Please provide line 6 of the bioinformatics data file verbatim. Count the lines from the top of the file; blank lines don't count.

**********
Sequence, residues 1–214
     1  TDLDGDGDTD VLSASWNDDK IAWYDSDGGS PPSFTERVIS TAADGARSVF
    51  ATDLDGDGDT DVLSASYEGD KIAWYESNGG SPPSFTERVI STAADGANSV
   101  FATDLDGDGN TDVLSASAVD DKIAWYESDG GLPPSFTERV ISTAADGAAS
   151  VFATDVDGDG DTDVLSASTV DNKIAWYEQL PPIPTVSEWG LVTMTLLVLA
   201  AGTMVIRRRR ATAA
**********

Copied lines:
   201  AGTMVIRRRR ATAA